Battle has spent 23 years dedicated to increasing minority and low- to moderate-income lending. “I’m also ordained as a Reverend in the African Methodist Episcopal Church, so it’s unique to have the opportunity to be in banking and also be a pastor and a reverend,” she said. “It’s something that I have to bring to the table often.”
Smriti Popenoe, President of mortgage real estate investment trust Dynex Capital, Glen Allen, Va., said she considers herself a child of the world. “I was born in India, grew up in Africa, went to college in India, then moved to the United States at 21. In that 21 years, I was Indian, European and African all packed together,” she said. “Being exposed to multiple cultures taught me that people are really the same inside. It taught me to appreciate the common thread that binds us as humans.”
Popenoe reported she attended a British school as a young girl. “So I am a native English speaker,” she said. “That gave me some unconscious biases. That was an incredible realization, when I realized that I had some unconscious biases.”
Women need to make an effort to keep themselves “intact,” Popenoe said. “Not one of these things defines who you are. The way I’ve chosen to do that is saying ‘I’m a child of the world, I defy you to define me.’ I think it’s really important to talk about people who live in multiple worlds.”
Rao quoted former U.S. Secretary of State Madeline Albright, who said, ‘There is plenty of room for mediocre men; there is no room for mediocre women.’ “I think when it comes to women of color, that standard applies two times as much,” Rao said. “I always felt like I had to work very, very hard throughout my career. I also sometimes felt a little uncomfortable as a young woman mortgage banker in Dallas who is a minority. I would sometimes feel like the only one going into a conference room full of men in blue blazers. But I learned to focus on where we have common ground. I noticed when I try to find what we have in common it allows me to break through and grow relationships and break through barriers to get to know people.”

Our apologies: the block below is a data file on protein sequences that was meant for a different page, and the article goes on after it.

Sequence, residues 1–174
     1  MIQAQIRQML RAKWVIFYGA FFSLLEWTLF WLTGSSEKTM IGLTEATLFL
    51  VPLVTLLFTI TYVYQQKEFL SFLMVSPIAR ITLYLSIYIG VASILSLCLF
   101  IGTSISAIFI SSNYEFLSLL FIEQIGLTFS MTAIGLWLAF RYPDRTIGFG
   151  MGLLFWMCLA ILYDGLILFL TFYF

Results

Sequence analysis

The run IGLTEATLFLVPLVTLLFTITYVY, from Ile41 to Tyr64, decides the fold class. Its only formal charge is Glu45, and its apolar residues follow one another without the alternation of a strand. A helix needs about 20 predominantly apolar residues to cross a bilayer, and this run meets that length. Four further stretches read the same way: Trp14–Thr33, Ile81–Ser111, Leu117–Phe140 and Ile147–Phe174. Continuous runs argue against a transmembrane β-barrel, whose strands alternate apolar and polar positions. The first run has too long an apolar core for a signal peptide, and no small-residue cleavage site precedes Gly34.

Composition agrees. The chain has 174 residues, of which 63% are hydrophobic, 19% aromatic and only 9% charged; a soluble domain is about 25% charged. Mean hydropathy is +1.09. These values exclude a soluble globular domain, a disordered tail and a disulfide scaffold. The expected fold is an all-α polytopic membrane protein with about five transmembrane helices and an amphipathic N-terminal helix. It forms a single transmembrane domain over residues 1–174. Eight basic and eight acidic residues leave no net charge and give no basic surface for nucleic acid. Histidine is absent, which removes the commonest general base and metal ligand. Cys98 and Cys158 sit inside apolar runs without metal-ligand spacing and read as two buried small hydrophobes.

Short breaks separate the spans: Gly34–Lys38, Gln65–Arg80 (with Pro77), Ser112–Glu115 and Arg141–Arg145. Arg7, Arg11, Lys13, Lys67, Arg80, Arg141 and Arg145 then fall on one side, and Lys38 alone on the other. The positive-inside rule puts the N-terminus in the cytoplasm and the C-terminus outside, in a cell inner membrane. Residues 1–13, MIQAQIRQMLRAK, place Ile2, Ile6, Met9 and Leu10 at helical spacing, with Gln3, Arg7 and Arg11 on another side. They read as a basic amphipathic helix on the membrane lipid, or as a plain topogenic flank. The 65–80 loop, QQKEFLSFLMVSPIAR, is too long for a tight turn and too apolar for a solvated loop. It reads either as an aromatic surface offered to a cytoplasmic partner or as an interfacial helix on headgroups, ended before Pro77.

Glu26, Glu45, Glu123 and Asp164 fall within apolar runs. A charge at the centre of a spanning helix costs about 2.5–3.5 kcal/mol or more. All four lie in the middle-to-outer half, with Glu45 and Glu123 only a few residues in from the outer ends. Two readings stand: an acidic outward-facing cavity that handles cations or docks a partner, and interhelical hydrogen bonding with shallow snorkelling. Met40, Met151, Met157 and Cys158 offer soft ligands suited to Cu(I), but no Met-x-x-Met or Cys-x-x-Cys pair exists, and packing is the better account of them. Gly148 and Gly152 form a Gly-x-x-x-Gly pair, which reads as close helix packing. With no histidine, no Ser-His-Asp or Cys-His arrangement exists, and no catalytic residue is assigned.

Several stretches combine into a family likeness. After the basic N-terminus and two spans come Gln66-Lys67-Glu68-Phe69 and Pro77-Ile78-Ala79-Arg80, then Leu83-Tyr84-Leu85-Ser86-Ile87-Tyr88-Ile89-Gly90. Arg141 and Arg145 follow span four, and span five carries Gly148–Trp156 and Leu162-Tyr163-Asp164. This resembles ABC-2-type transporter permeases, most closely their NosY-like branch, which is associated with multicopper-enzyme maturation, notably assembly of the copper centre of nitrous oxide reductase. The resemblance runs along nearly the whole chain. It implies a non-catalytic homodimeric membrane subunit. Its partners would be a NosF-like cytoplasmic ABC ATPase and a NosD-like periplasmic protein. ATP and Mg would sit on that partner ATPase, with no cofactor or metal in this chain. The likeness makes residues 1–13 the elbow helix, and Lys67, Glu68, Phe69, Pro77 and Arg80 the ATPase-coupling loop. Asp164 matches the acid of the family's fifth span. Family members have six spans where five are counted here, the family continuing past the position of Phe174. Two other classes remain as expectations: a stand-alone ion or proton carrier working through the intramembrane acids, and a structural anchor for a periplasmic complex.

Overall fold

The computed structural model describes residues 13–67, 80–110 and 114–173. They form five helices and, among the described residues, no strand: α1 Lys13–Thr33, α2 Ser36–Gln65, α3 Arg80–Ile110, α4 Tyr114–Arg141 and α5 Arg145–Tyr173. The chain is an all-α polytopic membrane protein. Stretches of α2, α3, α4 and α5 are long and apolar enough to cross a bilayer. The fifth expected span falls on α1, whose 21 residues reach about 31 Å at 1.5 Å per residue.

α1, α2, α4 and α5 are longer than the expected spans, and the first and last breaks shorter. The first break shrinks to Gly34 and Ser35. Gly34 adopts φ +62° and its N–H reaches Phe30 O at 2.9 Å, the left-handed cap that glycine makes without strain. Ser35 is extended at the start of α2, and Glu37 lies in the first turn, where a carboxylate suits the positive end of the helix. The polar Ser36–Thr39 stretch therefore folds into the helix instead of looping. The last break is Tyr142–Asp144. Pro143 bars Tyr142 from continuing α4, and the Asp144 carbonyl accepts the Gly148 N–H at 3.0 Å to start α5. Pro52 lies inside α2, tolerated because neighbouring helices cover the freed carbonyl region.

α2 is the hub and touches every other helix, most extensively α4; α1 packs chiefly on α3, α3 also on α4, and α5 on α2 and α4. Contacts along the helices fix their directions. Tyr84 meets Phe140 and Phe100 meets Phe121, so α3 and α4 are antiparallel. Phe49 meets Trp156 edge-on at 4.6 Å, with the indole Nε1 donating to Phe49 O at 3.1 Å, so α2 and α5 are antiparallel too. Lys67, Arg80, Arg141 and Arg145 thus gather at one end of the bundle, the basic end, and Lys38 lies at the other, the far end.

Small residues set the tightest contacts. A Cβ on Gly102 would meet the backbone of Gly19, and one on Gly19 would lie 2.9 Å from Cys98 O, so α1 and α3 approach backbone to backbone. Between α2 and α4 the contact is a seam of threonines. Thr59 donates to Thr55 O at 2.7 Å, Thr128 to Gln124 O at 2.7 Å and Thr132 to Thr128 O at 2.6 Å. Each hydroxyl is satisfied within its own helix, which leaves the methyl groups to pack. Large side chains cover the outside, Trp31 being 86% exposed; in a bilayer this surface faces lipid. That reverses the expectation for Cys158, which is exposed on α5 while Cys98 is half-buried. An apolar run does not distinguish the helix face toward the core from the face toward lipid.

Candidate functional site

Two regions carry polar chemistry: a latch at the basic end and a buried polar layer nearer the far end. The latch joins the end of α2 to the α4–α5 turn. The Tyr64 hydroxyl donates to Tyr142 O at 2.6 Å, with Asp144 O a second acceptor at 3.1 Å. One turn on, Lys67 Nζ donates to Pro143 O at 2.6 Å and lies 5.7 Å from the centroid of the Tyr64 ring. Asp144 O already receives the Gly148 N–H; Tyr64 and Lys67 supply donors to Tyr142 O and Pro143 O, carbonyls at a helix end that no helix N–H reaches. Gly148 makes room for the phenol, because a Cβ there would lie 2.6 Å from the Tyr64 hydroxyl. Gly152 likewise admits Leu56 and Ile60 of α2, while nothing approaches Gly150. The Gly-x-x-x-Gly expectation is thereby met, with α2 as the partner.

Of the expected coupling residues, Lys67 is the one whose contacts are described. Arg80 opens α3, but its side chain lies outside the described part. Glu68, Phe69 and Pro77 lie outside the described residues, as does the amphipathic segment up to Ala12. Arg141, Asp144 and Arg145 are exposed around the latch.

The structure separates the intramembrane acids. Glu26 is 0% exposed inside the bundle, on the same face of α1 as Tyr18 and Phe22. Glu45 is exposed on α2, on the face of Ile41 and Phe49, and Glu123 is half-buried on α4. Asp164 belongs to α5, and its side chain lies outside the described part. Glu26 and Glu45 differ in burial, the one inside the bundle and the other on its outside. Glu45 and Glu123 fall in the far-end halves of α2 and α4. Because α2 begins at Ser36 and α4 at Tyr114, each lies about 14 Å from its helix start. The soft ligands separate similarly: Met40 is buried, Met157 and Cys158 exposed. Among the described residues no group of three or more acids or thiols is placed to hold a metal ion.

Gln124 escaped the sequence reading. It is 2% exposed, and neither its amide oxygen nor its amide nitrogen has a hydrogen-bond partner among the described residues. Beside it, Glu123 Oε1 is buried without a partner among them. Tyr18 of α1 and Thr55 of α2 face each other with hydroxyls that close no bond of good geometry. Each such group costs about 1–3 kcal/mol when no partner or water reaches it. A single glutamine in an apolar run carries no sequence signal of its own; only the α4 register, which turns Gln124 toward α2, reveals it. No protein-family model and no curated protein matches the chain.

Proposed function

Popenoe agreed with Rao. “The ‘blue blazers’ are all comfortable with themselves and each other and you’ve had to work to get them comfortable with you as well,” she said.
Battle quoted one of her mentors, Thasunda Brown Duckett, CEO of Chase Consumer Banking at JPMorgan Chase, who said we “rent” our titles, but we “own” our character.
“When I think about that, especially when we’re thinking about the space we are in as women, we are always reaching to be respected based on the roles we are in,” Battle said. “But if we think about it, we rent those titles, but we own who we are in our character. That’s the one thing that we have control over, it’s the one thing that controls our response to everything. It’s how we view ourselves and how we can change our outlook on things so we can change our life experiences.”
“One of the things I’ve always lived by is that you need to know where your value lies and don’t compromise,” said Laura Escobar, President of Eagle Home Mortgage, LLC, Miami.
Women should not be afraid to fail, Escobar said. “Failure makes you stronger and wiser and makes you human,” she said. “Listen. Listen, listen, listen. Embrace your strength, but more importantly, embrace your struggles. And pay it forward. You owe it to the ones that paved the way for you and the woman coming behind you.”
Lastly, have a purpose, Escobar said. “Be prepared to be so good they can’t ignore you,” she said.